He was stricken with hoof problems & couldn’t run at Royal Ascot. Many in the racing world shook their heads at what they considered the folly of sending him to England in the first place. All of that for naught, they said. And that talk followed him back to California, where he was diagnosed with bruised cannon bones & would face a multi-month layoff. He was done, they said. Done racing.

Although he had been reunited with his mentor, Art Sherman, he had to live through pain. Pain for days on end. He’d had pain for months, both in England & now in California. The crucible of pain.

When the pain finally subsided, he was a different horse. Different in his spirit & different in his body.

He worked hard. He worked with a new exercise rider – Dahighi Gladney – who was born & brought up in his own crucible: the Watts section of Los Angeles. And, somewhat naturally, a bond developed between two spirits who had been through hard times. And, of course, the love & understanding of Mr. Sherman soothed his soul, too.

And Chrome began to muscle up. And his mind grew sharper. And his spirit grew stronger.

And, this time, when he came back to the track, he slayed a dragon. His first dragon since his exile. The San Pasqual. And he ventured back to Dubai. And even with a saddle nearly slipping off his back, he won there, too. With authority.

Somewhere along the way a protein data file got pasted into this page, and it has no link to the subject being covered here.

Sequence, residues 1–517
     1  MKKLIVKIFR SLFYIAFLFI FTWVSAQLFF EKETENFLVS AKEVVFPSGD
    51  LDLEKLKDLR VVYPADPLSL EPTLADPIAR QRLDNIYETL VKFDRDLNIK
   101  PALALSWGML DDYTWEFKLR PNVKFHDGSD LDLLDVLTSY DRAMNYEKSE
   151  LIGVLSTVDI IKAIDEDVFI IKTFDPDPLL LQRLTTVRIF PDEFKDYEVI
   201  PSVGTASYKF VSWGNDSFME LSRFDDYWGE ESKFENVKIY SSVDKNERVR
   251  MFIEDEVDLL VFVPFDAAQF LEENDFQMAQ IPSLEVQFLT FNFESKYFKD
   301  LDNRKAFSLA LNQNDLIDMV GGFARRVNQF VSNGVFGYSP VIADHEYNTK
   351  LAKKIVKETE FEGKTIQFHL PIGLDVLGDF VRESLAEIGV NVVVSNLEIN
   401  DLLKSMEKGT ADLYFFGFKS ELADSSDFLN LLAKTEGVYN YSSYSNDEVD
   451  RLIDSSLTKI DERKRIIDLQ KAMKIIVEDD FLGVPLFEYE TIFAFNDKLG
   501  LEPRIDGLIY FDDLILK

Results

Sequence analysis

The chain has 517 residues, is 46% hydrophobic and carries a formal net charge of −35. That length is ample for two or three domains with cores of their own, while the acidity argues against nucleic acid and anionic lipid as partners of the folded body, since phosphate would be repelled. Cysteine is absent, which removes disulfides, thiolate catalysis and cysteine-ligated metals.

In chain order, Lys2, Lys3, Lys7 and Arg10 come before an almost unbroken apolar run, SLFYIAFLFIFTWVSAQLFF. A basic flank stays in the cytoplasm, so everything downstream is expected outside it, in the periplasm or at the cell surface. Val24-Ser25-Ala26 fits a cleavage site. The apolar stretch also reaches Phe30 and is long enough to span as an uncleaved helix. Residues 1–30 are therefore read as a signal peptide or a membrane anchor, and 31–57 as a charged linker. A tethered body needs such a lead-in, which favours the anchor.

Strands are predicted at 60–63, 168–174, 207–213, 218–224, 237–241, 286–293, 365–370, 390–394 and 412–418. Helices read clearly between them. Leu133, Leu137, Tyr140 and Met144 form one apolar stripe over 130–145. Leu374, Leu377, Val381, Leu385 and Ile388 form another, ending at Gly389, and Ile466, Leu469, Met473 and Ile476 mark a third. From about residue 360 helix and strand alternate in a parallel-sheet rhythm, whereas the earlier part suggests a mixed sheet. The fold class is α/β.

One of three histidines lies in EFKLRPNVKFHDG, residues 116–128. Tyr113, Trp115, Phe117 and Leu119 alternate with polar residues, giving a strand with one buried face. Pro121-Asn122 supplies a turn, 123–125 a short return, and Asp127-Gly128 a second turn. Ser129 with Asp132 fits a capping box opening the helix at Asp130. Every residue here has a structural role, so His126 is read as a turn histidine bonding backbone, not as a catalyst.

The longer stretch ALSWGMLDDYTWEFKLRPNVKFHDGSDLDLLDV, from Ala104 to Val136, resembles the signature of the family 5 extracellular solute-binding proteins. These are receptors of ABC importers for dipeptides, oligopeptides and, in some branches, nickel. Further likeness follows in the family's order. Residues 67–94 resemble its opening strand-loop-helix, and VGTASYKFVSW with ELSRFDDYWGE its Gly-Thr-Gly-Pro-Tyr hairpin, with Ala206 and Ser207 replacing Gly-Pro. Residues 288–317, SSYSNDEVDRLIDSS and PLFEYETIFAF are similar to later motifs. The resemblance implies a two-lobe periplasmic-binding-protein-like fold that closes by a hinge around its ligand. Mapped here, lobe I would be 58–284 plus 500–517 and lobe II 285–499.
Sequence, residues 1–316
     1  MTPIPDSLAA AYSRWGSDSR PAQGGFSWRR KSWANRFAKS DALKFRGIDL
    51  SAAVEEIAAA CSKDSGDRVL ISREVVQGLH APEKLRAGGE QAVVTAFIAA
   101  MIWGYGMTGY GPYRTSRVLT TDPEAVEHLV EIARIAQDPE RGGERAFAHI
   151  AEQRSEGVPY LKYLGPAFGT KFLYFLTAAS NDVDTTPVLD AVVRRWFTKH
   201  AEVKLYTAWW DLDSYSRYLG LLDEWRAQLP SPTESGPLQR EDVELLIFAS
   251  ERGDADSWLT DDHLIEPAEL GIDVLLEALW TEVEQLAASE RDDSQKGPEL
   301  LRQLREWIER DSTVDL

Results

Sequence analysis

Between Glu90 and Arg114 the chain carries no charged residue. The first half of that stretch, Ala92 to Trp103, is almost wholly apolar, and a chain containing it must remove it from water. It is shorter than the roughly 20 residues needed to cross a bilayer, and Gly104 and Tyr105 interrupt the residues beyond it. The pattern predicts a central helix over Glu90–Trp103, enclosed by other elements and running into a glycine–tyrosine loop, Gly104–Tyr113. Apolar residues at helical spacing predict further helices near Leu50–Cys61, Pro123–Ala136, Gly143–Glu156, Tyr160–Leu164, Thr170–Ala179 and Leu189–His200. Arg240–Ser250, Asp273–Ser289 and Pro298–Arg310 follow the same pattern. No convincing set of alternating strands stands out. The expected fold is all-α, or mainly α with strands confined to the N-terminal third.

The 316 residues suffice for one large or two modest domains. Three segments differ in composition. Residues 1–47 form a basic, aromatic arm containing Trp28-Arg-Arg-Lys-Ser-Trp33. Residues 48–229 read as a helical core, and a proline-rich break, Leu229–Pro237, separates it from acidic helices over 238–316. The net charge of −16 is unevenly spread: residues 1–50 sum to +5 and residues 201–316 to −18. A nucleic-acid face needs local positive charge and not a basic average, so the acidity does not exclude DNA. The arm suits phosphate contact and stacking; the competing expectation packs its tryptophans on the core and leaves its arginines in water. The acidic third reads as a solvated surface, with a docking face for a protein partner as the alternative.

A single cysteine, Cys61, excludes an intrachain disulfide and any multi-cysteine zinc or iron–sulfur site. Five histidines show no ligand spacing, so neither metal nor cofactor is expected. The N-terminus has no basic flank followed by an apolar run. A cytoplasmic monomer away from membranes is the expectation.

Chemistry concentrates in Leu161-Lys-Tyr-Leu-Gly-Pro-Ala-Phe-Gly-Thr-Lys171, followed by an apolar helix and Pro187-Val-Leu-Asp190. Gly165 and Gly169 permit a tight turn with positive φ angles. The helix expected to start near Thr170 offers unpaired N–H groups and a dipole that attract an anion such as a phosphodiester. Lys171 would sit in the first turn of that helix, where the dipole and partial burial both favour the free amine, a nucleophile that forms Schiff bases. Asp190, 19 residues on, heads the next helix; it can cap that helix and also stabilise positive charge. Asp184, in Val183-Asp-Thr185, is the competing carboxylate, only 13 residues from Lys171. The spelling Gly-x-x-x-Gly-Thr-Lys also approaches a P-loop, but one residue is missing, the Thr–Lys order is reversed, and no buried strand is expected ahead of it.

Lancelot was morphing into Arthur.

In the San Diego Handicap, he stared down the mighty Dortmund & put him away handily.

And this afternoon, in the Pacific Classic, he became the undisputed king. The undisputed king of the world.

Against the magnificent Beholder & his old nemesis, Dortmund, Chrome broke on top. And he opened up a five length lead going into the first turn. And Victor Espinoza would later say that Chrome ran the entire race on his own. He broke on his own. He set his own pace. He ran by himself. About the only thing Victor had to do during the race was turn around & look for everybody just as they were coming out of the last turn.

Although some of the best horses in the world were chasing him for all they were worth, Chrome made it look like one of those jogs through the English countryside. As he & a smiling Espinoza crossed the line, it was clear that Chrome hadn’t even worked up a sweat.

This race was Chrome’s & Chrome’s alone.

By late this afternoon, there were no more dragons for the king to slay – they were gone, gone for good. The crucible had gone cold, having done its job.

He now stands alone.

California Chrome’s story is one of the wonderful true tales of our time.

The tale of a youngster who showed sparks of greatness early on & who nearly fulfilled the promise of that greatness in his precocious youth, only to be knocked down again & again. And when he tried to get up he was riddled with pain, again & again.

But, somewhere in those forested glades of England, he learned in his heart & in his spirit who he really is.

And he knew that, eventually, he would pull the sword from the stone.

This afternoon, that sword came free.

California Chrome is now the king.

Just like Arthur.

All hail the king.

.